All grown up in post-apocalyptic 2018, John Connor must lead the resistance of humans against the increasingly dominating militaristic robots. But when Marcus Wright appears, his existence confuses the mission as Connor tries to determine whether Wright has come from the future or the past -- and whether he's friend or foe.
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The epic struggle between men and machine reduced to a fistfight
I can tell you one thing. Terminator Salvation failed where Children of Men succeeded. Read this to know why. Spoiler alert.
I was excited about the new terminator movie. If you know me, you know I'm a fan of (post-apocalyptic) dystopia settings. I figured this time around terminator could finally escape from the limited surroundings of present time and be a full-fledged dystopia movie with really the bleakest possible future painted in the cinema screen. I was wrong.
I didn't sense the despair, or rather, I didn't sense much anything. I mean, there's supposed to be facing this unbeatable robot army and they can expect no mercy whatsoever. Still it seemed to me that they had army fighters, helicopters, ammunition and well-nutrioned, well-equipped and healthy soldiers to spare. Nobody had visual injuries, lost limbs or even scars. The resistance just contacted each other with radios and didn't seem to be in the constant fear of super-intelligent robots. They weren't hiding underground but it seemed that they had vast areas in their control and that controlling a world-wide resistance movement was rather an easy task.
Okay, they had fighter aeroplanes. Where do they land? In the airport? Why doesn't the innumerable robot army destroy all of the airports with the aid of the satellites they control? Why are there any airports left in the first place, the whole world was supposedly bathed in nuclear fire just a couple years ago. Where's the radiation? Why were there bridges left standing?
And don't get me started on the ending (spoiler coming). The humans walked right into skynet's trap. They had two of the most important humans in their base. Somehow their plan failed and backfired completely when one rogue robot started acting human. Really, was this the masterplan? Where were the vast robot armies and weapons of mass destruction? There was a manufacture line for T-600's but somehow they weren't anywhere to be seen in the most decisive moment in the struggle between man and machine. Aren't they supposed to be hive-minded? Why didn't they just kill off Kyle when they figured out who he was? Really, killing Kyle would've erased Connor as well (that's why Connor wanted to rescue his father in the first place..) But no, the robots wanted to wait and lure Connor to the base as well. But why they didn't kill Kyle in that moment, because Connor was already being lured to a T-800 instead of Kyle? They really didn't need Kyle (or rather, didn't use him) as a bait. And how on earth were the resistance able to just fly in and evacuate the prisoners, in skynet's base no less, without meeting any resistance?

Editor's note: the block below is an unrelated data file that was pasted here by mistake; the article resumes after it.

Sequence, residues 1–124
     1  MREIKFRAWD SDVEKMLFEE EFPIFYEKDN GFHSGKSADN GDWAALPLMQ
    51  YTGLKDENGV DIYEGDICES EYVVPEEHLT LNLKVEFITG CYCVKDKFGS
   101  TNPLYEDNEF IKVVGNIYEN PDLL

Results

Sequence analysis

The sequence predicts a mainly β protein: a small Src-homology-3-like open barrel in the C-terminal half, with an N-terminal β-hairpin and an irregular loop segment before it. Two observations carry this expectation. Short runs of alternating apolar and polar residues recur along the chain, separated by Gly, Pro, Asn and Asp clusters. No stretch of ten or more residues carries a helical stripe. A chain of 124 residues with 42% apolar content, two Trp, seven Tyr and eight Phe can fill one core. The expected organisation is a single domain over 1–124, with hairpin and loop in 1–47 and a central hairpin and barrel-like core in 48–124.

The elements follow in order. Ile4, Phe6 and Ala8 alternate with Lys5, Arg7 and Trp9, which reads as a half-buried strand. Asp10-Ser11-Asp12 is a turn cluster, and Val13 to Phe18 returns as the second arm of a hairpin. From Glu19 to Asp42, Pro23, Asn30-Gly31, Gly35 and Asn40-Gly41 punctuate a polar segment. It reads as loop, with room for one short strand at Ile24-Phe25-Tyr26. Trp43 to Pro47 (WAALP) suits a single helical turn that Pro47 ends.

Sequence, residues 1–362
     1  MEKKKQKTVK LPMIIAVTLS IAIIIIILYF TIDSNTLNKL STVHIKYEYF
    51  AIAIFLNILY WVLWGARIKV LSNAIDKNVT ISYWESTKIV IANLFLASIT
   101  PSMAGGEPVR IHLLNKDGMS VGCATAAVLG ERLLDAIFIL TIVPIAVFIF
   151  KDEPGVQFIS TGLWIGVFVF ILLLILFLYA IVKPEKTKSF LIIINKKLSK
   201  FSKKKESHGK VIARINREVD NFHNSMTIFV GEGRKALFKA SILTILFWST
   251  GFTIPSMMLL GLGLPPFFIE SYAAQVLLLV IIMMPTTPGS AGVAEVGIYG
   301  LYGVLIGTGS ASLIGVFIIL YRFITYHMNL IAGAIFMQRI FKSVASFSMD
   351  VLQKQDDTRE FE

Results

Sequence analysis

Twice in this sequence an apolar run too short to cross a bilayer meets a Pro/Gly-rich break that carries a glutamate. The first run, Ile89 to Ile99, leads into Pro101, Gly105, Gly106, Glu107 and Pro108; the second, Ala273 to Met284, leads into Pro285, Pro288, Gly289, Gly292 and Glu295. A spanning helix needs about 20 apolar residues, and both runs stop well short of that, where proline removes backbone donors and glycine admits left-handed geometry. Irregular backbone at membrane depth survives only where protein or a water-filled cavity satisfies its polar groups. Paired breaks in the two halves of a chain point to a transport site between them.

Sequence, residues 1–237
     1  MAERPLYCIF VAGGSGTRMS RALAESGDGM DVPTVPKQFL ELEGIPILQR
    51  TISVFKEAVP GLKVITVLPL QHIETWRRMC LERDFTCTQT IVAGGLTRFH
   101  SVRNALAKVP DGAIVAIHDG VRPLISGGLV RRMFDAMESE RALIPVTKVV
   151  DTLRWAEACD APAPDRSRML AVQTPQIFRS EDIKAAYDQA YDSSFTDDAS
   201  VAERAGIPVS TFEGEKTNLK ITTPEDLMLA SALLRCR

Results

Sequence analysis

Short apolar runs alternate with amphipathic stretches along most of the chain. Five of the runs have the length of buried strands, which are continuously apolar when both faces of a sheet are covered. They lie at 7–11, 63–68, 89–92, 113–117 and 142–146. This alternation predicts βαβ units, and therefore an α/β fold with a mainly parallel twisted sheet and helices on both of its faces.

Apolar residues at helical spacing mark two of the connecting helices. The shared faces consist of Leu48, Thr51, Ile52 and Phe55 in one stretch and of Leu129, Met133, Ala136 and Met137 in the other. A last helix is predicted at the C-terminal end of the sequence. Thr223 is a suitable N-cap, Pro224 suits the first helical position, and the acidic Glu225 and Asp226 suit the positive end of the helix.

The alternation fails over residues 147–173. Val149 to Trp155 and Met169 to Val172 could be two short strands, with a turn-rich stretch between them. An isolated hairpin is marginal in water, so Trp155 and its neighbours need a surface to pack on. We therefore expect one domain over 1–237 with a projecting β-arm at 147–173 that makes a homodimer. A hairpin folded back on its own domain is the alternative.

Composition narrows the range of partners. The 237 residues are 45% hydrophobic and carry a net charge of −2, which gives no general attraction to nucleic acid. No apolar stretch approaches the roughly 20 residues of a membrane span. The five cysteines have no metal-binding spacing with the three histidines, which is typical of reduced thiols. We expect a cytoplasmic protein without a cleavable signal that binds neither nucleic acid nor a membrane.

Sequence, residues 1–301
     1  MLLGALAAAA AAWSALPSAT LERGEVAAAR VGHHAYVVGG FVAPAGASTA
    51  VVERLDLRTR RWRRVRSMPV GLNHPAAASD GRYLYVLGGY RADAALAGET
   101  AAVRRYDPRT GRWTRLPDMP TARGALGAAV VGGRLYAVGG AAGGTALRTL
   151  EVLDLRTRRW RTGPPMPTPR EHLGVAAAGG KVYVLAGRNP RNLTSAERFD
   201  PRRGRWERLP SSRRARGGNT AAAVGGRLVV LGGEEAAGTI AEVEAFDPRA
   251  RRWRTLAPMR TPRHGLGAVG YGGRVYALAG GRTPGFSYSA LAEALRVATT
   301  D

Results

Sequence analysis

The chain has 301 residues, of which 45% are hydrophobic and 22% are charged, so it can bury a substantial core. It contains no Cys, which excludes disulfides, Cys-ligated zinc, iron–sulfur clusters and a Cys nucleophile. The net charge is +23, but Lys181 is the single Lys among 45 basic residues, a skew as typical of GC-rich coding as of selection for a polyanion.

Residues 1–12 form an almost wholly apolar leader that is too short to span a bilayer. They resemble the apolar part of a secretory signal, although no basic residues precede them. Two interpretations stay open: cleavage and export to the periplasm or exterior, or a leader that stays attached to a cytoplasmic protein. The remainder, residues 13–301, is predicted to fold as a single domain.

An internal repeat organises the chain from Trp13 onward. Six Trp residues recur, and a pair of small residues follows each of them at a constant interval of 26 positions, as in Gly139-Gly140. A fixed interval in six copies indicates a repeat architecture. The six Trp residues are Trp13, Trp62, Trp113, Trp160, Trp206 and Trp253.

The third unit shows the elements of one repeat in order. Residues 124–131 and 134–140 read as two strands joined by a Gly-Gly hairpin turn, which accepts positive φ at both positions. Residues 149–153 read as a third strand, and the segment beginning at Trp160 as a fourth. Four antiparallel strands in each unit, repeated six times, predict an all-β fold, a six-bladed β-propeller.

Still, Terminator Salvation wasn't a bad movie. It was a powerful action movie with shallow atmosphere. I just figured with that kind of budget and settings they could've created something more than lots of chase/action sequences and the normal "hero saves the world alone" stuff. The epic struggle between men and machine was reduced basically to a fistfight. And really, the background and atmosphere was created with brief text at the start of the movie. With multi-million budget I think they could've afforded something more than a text saying "yeah there was a judgement day and by the way, the robots hunt mankind."
The acting was nothing special. Christian Bale had the same emotioneless face when he listened to his dead mother's audiotapes, lost his whole squad and told his loved one that he's going to the most dangerous place on the planet (apparently there were only two robots there, so maybe he knew that..). His dark voice didn't save that much. Acting all around wasn't very memorable. Not even close to Michael Bienh's haunting performance as a pained resistance fighter in Terminator or Linda Hamilton's toughest-performance-ever as a mother at the brink of madness in Terminator 2.
Children of Men created a believable environment full of ingenious details. The characters were in the middle of bigger forces than themselves trying to do their best in a rich world in constant change. Terminator Salvation lacked all this. There was not much immersion in this newest terminator installment.
I see a lot of missed potential in Terminator Salvation and I don't think I'm the only one.